As a result of the abandonment of its split proposal and another review of its business, AGL Energy may end up closing its coal fired power stations and accelerating the switch to greater use of renewables and gas much more quickly than previously thought.
AGL abandoned the increasingly controversial plans to spin off its coal-fired power stations and announced the resignation of chief executive Graeme Hunt and chairman Peter Botten, as well as two other directors, one of whom quit yesterday.
In an announcement on Monday to the ASX, AGL’s board confirmed it would halt an upcoming shareholder vote on demerger in the wake og growing opposition to the idea from tech billionaire Mike Cannon-Brookes and other investors.
That saw AGL Energy shares dip to a low of $8.46 before they staggered higher to touch a day’s high of $8.88 in the final hour. but then they fell to close down 1.7% at $8.72.
It would seem investors found it impossible to put a price on what the dropping of the split idea, the June 15 meeting and the board clean out means.
In Monday’s statement the board was still insistent that the demerger would have been supported by a majority of shareholders, but needed a 75% level of support:
“AGL Energy believes that the Demerger Proposal would have been supported by a majority of shareholders, both retail and institutional, many of whom are long term holders of AGL Energy shares. However, having regard to anticipated voter turnout and stated opposition from a small number of investors including Grok Ventures (Cannon-Brookes company), AGL Energy believes the Demerger Proposal will not receive sufficient support to meet the 75% approval threshold for a scheme of arrangement.”
The failure of a unit at AGL’s Loy Yang A station in Victoria was the latest reminder that coal-fired power is increasingly unreliable in Australia — even as the global price of thermal coal soared, driving prices up for households and small businesses.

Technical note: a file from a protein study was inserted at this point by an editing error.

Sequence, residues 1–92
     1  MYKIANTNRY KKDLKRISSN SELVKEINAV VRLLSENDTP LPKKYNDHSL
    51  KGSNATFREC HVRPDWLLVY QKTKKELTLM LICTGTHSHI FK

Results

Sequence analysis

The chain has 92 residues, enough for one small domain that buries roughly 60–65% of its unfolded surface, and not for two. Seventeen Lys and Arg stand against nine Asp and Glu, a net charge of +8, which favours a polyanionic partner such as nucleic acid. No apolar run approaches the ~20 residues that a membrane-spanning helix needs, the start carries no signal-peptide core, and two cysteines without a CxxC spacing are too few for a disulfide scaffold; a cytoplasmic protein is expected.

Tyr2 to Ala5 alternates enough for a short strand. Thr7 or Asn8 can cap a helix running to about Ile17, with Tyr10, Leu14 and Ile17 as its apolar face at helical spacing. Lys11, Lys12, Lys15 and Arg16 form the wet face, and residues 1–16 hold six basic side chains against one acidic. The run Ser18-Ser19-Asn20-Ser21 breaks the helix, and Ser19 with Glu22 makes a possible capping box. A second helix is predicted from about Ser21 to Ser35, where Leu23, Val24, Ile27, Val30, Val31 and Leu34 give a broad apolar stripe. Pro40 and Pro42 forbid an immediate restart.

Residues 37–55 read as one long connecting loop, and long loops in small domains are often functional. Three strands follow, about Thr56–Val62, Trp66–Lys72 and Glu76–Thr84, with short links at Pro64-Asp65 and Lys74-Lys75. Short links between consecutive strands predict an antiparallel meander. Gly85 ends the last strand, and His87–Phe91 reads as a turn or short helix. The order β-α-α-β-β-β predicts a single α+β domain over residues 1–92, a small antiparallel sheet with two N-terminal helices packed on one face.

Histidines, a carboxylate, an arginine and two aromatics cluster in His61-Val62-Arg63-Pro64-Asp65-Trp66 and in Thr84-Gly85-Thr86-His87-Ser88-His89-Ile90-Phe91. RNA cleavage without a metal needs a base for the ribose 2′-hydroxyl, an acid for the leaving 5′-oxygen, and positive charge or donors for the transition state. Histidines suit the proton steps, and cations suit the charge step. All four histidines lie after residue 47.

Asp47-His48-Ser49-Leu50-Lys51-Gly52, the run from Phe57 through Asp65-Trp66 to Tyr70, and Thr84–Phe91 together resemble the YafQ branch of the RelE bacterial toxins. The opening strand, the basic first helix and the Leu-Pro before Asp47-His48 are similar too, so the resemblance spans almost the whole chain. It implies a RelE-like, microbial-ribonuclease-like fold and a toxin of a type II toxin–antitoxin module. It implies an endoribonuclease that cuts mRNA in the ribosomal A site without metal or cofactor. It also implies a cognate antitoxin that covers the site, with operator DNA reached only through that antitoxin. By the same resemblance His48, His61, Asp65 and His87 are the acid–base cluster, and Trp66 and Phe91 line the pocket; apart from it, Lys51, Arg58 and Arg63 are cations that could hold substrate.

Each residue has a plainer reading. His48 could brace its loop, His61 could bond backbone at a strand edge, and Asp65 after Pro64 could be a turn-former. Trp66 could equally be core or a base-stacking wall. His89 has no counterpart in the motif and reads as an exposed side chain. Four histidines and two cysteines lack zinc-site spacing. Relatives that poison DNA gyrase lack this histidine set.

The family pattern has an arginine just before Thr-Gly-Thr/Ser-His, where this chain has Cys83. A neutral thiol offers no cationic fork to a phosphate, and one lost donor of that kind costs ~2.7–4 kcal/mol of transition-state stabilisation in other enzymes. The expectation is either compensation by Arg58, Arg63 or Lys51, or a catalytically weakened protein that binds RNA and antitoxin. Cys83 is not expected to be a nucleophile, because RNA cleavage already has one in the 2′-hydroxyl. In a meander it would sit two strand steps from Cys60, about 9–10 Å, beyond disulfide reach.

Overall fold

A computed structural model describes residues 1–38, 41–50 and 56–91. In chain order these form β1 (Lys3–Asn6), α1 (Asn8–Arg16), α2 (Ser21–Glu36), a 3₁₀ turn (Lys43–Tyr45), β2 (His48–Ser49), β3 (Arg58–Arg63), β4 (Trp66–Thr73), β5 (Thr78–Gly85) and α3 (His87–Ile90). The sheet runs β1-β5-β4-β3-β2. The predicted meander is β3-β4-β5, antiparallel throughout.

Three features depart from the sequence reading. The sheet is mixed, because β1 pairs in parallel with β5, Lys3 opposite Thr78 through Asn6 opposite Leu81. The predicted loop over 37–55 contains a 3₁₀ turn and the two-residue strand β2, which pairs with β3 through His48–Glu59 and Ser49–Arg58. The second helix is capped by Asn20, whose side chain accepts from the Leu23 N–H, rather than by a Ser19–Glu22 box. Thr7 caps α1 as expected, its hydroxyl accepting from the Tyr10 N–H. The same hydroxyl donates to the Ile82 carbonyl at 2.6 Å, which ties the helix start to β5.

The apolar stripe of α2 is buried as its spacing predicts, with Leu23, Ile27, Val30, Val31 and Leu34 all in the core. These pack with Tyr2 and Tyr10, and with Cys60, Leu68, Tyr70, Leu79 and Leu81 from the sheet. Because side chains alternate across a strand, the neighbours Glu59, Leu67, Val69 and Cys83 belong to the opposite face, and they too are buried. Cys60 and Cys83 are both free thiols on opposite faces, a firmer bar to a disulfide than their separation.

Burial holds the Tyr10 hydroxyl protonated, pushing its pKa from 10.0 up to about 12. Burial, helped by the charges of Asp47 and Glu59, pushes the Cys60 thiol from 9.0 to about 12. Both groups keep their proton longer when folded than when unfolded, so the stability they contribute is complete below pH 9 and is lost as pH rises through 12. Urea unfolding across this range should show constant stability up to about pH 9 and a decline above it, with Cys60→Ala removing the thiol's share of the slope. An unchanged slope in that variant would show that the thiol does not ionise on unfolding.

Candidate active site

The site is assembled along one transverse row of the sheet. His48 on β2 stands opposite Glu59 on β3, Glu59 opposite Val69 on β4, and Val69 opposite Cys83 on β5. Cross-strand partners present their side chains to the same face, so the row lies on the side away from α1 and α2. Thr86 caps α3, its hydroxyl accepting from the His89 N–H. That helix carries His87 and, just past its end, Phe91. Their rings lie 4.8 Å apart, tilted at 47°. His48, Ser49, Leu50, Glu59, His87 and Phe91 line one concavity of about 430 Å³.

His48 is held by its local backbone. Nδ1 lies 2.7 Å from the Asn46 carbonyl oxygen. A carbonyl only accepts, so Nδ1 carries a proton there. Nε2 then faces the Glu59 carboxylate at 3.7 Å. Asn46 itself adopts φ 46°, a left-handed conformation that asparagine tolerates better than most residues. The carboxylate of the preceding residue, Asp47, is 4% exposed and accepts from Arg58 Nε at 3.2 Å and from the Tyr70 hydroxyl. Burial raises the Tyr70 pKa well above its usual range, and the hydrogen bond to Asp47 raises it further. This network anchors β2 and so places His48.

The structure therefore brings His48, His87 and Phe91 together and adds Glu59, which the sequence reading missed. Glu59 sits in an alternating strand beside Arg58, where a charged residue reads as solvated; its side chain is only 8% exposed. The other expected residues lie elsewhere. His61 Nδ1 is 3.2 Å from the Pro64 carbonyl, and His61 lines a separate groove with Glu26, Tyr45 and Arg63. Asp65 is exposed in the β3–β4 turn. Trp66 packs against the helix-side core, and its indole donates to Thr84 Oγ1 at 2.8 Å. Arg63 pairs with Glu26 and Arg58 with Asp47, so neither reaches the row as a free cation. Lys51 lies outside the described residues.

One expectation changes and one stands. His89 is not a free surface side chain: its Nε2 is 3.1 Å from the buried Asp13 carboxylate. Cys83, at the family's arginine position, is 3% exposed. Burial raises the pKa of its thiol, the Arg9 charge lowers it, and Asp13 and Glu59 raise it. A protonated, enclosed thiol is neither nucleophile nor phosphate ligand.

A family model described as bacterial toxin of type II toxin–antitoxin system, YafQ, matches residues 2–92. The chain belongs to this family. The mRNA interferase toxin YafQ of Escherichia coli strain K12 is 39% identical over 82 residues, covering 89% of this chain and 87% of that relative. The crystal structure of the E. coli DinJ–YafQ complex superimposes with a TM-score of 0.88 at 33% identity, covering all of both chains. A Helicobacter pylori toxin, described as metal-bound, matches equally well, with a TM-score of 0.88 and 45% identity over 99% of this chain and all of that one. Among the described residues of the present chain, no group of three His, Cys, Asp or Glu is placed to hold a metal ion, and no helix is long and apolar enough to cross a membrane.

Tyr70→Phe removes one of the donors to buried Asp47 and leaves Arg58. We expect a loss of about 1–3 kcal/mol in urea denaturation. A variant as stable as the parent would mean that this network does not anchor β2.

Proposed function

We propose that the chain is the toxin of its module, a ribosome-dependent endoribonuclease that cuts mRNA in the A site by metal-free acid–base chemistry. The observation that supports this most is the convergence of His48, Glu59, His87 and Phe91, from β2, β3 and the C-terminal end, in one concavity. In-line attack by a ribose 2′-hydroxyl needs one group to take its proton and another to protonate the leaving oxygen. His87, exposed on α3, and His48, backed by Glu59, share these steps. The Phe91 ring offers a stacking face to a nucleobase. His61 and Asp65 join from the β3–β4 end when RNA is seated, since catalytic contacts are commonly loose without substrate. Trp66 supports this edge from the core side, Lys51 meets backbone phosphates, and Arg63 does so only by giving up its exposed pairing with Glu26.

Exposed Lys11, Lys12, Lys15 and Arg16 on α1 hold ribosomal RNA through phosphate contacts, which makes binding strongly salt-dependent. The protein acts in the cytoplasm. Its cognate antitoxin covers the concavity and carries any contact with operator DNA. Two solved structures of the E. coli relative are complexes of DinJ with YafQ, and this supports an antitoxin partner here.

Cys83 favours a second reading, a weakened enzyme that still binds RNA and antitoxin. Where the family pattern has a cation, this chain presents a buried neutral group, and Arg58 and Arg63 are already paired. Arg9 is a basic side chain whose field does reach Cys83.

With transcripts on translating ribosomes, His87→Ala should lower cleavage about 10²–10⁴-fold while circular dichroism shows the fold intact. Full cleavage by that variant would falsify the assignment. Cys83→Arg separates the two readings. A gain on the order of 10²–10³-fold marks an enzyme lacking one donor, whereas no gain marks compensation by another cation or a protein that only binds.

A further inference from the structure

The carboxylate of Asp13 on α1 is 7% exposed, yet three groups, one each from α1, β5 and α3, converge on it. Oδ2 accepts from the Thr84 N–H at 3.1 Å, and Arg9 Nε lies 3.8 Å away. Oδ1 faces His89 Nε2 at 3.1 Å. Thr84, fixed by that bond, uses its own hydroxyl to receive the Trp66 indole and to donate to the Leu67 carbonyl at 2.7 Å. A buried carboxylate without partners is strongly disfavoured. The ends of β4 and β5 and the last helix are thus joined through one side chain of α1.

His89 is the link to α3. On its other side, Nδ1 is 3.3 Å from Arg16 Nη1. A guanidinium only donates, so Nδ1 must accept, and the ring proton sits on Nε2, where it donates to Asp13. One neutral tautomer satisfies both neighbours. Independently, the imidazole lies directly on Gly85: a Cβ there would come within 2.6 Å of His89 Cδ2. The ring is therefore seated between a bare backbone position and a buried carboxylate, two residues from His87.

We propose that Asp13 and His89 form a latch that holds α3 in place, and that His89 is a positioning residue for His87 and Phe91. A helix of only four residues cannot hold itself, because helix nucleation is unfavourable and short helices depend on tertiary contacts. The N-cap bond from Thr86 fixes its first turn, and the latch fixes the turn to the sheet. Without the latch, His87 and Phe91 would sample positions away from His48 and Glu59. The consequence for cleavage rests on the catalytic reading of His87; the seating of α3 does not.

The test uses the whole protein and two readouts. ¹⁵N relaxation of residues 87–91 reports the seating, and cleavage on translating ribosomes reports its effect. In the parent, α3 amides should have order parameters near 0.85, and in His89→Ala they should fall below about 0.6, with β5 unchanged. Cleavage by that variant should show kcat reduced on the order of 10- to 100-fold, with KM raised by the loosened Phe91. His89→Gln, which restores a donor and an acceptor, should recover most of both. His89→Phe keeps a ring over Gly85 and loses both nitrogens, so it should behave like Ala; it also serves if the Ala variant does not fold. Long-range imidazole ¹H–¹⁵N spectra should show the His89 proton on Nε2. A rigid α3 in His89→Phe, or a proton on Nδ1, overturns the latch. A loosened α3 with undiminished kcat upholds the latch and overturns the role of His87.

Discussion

But there was an intriguing suggestion in the statement that the future of coal fired power stations in Australia may be shorter than expected before the May 21 poll and its very pro climate change outcome.
The AGL board will now conduct a strategic review of the company’s direction, reporting in September which will look at the possibility of an even faster closure timetable for its coal-fired assets:
“AGL has been in ongoing discussions with key stakeholders in this regard and believes that the relevant dates for closure of coal fired power stations will continue to be accelerated… The Board is committed to working actively with all stakeholders including government to decarbonise AGL Energy’s business at the fastest rate possible, while ensuring energy system stability, energy affordability for retail and industrial customers, and appropriate shareholder value outcomes.”
That would encourage other owners of coal-fired stations to look at earlier than expected closures.
The board on Monday said Australia was at a pivotal moment in the clean-energy transition, and believed the closure dates of its Bayswater power station in 2035 and Loy Yang coal-fired power station in 2045 would as the company said in the statement “continue to be accelerated”.
AGL’s coal- and gas-fired power stations are the biggest sources of greenhouse gas emissions in Australia, accounting for 8% of the nation’s carbon footprint.
In a post on social media, Cannon-Brookes said it was a “huge day for Australia”.
“We embrace the opportunities of decarbonisation with Aussie courage, tenacity & creativity, he wrote. “Lots of work but we can do this.”